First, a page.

Budget reconciliation: Calling it a '$3.5 trillion spending bill' isn't quite right

Budget reconciliation: Calling it a '$3.5 trillion spending bill' isn't quite right
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The forthcoming budget reconciliation bill has been described by members of both political parties and in news reports as a $3.5 trillion spending bill. It isn’t. Such a description is inaccurate for several reasons.

First, the $3.5 trillion figure relates to the potential amount of spending increases and tax cuts, before offsetting savings are taken into account. Some expected parts of the bill with significant price tags — such as a good part of the Child Tax Credit and Child and Dependent Tax Credit expansions — are tax cuts; they reduce people’s tax bills. Raising the cap on the state and local tax deduction is another tax cut. So are the “clean energy, manufacturing, and transportation tax incentives” listed as part of the package in a memo Senate Majority Leader Chuck SchumerChuck SchumerDemocrats press Schumer on removing Confederate statues from Capitol Democrats' do-or-die moment Biden touts 'progress' during 'candid' meetings on .5T plan MORE (D-N.Y.) sent colleagues last month.

Second, the price tag for any bill — and a bill’s impact on deficits and debt — is the net of its cost-increasing measures, which can include both spending increases and tax cuts, and its offsetting savings — i.e., its spending reductions and tax increases. The budget resolution Congress just passed limits the net price tag of the reconciliation bill to no more than $1.75 trillion. This is seen in the budget resolution’s reconciliation instructions. In the Senate, those instructions allow committees other than the Finance Committee to approve new spending measures costing no more than $1.75 trillion over 10 years. With respect to the Finance Committee, the budget resolution requires it to fully pay for everything it does that has a cost. As a result, the cost of the bill as whole can’t exceed $1.75 trillion.

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The widely cited $3.5 trillion figure assumes the Finance Committee will approve about $1.75 trillion in spending increases and tax cuts that are financed by an equivalent amount of tax increases and spending reductions (with the spending reductions expected to come from drug savings in health programs). The $3.5 trillion thus includes the cost of all of the spending increases and tax cuts without any of the offsetting prescription drug savings or tax increases.

If the approach used to arrive at the $3.5 trillion figure had been used for the 2017 Trump-era tax cut, that measure’s cost would have been said to be far greater than the $1.5 trillion figure used for it when the measure was enacted (later revised by Congressional Budget Office to $1.9 trillion), as the $1.5 trillion (and $1.9 trillion ) figures were net rather than gross figures.

The Center on Budget and Policy Priorities reports that if the 2017 tax cut had been assessed in the same manner used to arrive at the $3.5 trillion figure for the current reconciliation bill — if its cost measures were added up without its offsets taken into account — it would have been described as a package of more than $5 trillion.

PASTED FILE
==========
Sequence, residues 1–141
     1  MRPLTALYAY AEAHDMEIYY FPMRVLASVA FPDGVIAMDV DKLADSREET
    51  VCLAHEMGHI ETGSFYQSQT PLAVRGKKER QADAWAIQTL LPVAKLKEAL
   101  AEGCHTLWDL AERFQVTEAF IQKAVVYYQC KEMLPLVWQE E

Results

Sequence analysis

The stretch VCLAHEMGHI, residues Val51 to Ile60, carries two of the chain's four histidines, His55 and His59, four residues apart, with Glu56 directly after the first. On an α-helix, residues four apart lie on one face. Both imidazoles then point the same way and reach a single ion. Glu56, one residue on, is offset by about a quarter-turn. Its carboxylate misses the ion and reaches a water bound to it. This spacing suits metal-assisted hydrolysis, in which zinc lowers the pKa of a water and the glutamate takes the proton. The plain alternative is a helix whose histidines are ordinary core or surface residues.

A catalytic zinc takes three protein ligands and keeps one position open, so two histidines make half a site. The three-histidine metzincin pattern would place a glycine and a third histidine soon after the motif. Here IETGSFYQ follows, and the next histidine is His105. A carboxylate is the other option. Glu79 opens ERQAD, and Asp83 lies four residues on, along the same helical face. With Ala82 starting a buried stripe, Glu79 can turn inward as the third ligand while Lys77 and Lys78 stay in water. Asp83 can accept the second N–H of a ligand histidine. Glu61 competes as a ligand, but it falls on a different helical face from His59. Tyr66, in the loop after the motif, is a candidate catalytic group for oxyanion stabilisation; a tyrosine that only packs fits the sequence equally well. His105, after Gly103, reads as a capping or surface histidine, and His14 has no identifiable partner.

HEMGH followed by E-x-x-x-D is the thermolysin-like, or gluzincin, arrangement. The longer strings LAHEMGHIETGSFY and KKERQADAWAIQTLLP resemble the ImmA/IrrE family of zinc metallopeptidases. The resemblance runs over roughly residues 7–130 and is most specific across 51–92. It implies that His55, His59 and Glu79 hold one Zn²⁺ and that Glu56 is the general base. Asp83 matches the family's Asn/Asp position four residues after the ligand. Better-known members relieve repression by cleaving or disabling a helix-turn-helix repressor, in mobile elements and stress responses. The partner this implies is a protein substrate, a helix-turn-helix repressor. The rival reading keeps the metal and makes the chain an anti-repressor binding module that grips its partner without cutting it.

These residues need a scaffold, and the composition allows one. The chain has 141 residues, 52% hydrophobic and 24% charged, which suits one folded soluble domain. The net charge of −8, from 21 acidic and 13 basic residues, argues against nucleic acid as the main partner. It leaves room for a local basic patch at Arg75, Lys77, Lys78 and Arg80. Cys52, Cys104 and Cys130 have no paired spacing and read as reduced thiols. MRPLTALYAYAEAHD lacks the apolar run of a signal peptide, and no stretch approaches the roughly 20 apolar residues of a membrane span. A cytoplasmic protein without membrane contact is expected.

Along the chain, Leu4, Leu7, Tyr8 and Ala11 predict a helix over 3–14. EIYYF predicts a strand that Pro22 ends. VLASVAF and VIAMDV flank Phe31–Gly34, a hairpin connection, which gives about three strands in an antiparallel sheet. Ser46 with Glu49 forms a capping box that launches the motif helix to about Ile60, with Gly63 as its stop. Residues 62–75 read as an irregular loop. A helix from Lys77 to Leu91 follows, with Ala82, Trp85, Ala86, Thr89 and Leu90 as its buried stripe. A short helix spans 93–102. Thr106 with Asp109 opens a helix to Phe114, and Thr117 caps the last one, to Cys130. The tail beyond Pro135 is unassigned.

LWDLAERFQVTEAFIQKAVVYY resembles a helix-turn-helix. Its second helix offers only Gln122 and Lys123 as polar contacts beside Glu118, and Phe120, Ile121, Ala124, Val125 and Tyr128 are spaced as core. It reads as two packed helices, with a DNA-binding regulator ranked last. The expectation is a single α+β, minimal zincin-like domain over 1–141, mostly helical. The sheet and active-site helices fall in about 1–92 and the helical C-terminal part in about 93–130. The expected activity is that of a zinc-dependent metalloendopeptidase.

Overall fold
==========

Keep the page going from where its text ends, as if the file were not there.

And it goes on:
When the Congressional Budget Office (CBO) scores the bill, there will be three headline numbers — the net spending increase, the net tax increase and the bill’s overall cost — none of which will be close to $3.5 trillion.

As noted, under the budget resolution, committees other than the Finance Committee can approve new spending of up to $1.75 trillion over 10 years, while the Finance Committee must pay for everything it approves. The Finance Committee is expected to seek savings from prescription drugs to fully cover the cost of measures expanding Medicare and Medicaid and bolstering subsidies for health coverage purchased in the Affordable Care Act marketplaces. Let’s assume for the sake of illustration that the Finance Committee secures $400 billion in drug savings and spends that amount on health insurance expansions. If the Committee is to approve a total of $1.75 trillion in spending increases and tax cuts as well as $1.75 trillion in offsetting spending reductions and tax increases — and if the drug savings bring in $400 billion — then the committee would be adopting $1.35 trillion in tax increases.

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On the cost side, let’s assume that $600 billion of the assumed $1.75 trillion in Finance Committee previsions with a cost goes for tax cuts while the other $1.15 trillion consists of spending increases. If so, the CBO score for the package would show:

  • $2.5 trillion (not $3.5 trillion) in net spending increases (the $1.75 trillion for the other committees plus the $1.15 trillion for the Finance Committee, minus the $400 billion in prescription drug savings)
  • $750 billion in net tax increases (the $1.35 trillion in tax increases minus the $600 billion in tax cuts)
  • A $1.75 trillion increase in deficits over 10 years (before interest costs)

These figures are illustrative. But no matter what precise provisions the reconciliation bill ends up including — it will not be a “$3.5 trillion spending package” or anything close to it.

Robert Greenstein is the founder and president emeritus of the Center on Budget and Policy Priorities and is now a visiting fellow with The Hamilton Project and Economic Studies at the Brookings Institution.